The fertile fields and large protected bays of the south of isthmus of the Pelješac peninsula, where is located the municipality of Ston, favoured always the human settlements, as proved the archaeological excavations, which brought to light a variety of cultural layers since prehistory through antiquity, the Middle Ages to the present day. The sites of the Ston region, blended inseparably with the natural framework, make up a universal civilizational value and link between Nature and Man, and assert the regions and the 2000 years of its history.
Material traces of the early Iron Age have been found on the knolls surrounding Stonsko Polje, and are related to the Illyrian tribe of Plereia. A substantial heritage dates from the Roman period, even the name of Ston, Stagnum (marshland) in Latin. Late antiquity monuments include Early Christian sacral buildings. When the Slavs settled in the area, Ston became one of the principal settlements in Zahumlje. The late Middle Ages were distinguished by clashes between Zahumlje and Dubrovnik, concluded in 1333, when the last one acquired the peninsula. The scattered settlements were abandoned, instead the urban centres were developed. To protect its boundaries, the Dubrovnik Republic built the Great Wall, and the town which developed on the other side of the wall consisted of three zones: Ston, Mali Ston and Broce. Ston has retained the spatial layout, the street grid and the buildings planned by the architects from Dubrovnik in 14th century, when it was the second most important town in the Republic. As early as 1335 it was divided into 15 basic parts called desens (tenth parts), later subdivided into smaller units separated by straight street sections. In the 15th century a pentagonal defensive wall was built round the town.
The complex of the Ston salt pans is situated southwest of the town, and includes the salt fields and pans, access and communication facilities, and salt warehouses. Salt was a source of wealth for many coastal Illyrian communities, but its importance increased during Ragusan rule. The salt fields stretch from the north to the south, divided into rectangular pans, some of them producing white salt, others salt of a darker colour. The first two rows with eight rectangular pans each, many preserved in the original condition, carry carved Biblical names. The region also boasts a special natural property - the bay of Mali Ston - a special marine reserve with defined boundaries and a preserved environmental system. It is suitable for the intensive development of mariculture (fish and shellfish). The oysters of Ston are particularly famous.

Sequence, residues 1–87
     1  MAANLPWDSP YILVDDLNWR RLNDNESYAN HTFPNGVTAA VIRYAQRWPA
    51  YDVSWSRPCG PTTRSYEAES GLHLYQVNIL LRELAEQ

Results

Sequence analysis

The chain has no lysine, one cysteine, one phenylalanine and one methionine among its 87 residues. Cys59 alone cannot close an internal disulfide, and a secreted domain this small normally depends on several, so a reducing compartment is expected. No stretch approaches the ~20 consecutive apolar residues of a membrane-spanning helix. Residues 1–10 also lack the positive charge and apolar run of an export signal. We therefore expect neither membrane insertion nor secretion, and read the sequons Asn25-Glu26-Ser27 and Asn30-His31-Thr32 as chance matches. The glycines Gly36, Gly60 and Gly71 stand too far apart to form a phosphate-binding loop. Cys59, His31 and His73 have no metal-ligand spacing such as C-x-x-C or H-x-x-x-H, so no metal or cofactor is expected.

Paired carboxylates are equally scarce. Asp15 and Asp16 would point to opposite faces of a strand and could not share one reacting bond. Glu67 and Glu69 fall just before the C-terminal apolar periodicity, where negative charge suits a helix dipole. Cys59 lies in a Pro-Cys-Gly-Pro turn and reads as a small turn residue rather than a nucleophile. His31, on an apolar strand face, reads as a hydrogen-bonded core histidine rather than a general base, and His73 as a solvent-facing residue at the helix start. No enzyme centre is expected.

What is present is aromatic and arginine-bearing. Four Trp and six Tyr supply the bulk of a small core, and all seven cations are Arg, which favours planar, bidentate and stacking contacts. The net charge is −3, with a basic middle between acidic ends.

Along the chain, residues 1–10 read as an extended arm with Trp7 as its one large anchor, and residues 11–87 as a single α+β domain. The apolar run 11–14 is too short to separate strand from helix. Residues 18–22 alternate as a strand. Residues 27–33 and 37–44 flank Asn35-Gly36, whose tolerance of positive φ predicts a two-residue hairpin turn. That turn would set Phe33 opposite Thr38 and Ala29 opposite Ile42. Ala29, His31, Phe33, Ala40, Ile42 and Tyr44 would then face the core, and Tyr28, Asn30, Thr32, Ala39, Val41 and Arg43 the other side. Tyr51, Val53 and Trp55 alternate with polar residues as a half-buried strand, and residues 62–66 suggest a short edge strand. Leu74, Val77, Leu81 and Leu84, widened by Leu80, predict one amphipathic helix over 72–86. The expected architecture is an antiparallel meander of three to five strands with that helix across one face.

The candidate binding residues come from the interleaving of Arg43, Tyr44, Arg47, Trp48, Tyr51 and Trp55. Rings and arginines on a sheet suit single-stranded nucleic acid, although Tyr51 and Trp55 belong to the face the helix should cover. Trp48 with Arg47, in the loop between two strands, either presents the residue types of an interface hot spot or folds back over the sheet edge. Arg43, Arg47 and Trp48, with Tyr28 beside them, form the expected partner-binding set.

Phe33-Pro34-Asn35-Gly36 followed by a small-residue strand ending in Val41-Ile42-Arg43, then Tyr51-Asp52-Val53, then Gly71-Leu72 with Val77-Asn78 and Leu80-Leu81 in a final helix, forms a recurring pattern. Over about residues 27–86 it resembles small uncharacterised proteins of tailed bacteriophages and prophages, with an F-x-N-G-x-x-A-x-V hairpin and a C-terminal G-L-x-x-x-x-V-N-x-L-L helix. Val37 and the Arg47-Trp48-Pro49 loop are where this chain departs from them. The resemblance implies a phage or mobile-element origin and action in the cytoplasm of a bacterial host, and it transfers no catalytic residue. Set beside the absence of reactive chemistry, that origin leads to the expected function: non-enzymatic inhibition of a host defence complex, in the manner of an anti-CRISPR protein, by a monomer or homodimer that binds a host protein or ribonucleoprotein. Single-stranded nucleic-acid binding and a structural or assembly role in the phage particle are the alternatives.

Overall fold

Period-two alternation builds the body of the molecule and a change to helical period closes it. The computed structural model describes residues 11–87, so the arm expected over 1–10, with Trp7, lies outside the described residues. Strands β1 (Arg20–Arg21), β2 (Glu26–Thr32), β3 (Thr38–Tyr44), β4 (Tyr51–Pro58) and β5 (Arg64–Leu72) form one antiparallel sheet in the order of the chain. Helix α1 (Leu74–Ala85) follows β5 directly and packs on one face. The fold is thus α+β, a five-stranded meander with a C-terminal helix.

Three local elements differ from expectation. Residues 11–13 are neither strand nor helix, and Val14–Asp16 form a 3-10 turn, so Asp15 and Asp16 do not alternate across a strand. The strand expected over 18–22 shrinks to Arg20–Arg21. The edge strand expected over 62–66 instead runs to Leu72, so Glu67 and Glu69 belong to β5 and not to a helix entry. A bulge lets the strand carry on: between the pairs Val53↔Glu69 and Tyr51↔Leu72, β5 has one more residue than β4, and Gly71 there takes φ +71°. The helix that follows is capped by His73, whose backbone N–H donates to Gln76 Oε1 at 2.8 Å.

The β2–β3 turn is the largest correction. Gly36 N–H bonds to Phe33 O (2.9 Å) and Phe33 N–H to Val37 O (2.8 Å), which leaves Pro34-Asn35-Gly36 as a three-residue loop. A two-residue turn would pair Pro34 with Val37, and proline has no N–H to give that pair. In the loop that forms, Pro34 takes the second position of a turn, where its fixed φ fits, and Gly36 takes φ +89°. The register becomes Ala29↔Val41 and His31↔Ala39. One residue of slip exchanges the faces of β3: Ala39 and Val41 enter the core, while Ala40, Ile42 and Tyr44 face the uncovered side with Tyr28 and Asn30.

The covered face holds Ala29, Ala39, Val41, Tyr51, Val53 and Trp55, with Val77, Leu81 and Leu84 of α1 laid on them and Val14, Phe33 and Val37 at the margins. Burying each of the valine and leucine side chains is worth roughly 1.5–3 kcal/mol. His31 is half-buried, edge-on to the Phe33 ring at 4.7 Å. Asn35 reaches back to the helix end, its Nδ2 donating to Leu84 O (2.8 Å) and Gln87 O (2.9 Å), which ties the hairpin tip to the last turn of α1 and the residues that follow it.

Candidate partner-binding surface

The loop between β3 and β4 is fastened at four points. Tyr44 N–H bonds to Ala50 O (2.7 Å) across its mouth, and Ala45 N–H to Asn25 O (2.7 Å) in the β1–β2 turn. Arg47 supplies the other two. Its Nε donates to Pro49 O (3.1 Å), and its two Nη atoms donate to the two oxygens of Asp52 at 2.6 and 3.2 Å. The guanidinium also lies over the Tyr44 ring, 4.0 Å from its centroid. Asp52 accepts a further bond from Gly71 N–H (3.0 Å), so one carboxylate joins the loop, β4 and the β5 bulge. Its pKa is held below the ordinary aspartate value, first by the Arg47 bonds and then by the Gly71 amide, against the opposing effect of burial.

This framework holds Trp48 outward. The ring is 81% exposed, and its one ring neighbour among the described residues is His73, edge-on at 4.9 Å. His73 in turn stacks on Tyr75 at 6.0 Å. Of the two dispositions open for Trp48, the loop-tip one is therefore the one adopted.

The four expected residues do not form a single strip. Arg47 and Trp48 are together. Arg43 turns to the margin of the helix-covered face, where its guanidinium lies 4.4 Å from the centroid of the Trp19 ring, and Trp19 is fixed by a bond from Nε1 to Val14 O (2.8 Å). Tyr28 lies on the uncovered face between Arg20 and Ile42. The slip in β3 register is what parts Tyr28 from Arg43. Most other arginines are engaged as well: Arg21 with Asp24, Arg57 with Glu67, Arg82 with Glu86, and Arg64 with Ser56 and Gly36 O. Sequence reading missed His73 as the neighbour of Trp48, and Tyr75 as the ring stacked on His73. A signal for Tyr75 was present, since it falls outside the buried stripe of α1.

About the stamp
The stamp is part of a series of three commemorative postage stamps (all with the same nominal value of 4.60 HRK) with the theme of edible mushrooms, designed by Nataša Odak and issued on September 3, 2013. These are first postage stamps on which according to the new Regulations on postage stamps the official title of the state is Hrvatska (Croatia) instead of the Republika Hrvatska (Republic of Croatia) which has been in use until now.
• Parasol mushroom
• White and black truffle - it's on the postcard
• Royal Bolete
Historical-town planning ensemble of Ston with Mali Ston, connecting walls, the Mali Ston Bay nature reserve, Stonsko Polje and the salt pans - UNESCO official website
Delicacies on postage stamps - Hrvatska posta official website
sender: Dragan Buškulić (direct swap)
sent from Rijeka (Croatia), on 18.08.2013